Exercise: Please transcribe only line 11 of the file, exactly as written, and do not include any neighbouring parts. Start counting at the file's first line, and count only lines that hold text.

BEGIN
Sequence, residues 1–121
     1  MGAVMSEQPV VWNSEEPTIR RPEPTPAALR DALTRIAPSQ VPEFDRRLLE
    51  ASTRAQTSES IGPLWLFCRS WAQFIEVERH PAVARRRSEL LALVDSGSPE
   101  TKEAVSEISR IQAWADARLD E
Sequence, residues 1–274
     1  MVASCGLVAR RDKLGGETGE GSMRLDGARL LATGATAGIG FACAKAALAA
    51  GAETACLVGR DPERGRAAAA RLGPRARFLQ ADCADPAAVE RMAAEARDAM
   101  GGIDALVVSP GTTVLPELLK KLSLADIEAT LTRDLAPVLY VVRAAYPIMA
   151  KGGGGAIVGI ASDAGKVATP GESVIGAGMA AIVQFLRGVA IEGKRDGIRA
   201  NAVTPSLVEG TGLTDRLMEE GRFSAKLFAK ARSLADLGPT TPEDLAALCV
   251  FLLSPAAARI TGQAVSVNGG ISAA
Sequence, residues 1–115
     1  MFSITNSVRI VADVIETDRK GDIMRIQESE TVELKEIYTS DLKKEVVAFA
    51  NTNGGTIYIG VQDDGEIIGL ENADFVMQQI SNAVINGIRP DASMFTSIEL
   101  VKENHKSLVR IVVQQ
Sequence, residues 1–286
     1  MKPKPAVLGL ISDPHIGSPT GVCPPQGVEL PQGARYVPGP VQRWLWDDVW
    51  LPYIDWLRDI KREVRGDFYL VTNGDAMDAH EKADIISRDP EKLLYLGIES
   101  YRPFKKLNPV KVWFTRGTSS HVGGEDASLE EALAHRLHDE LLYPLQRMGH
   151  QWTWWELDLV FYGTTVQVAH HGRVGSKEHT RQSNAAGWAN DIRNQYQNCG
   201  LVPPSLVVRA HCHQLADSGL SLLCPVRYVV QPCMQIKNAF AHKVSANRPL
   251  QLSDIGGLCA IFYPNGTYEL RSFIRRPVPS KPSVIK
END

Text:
   251  FLLSPAAARI TGQAVSVNGG ISAA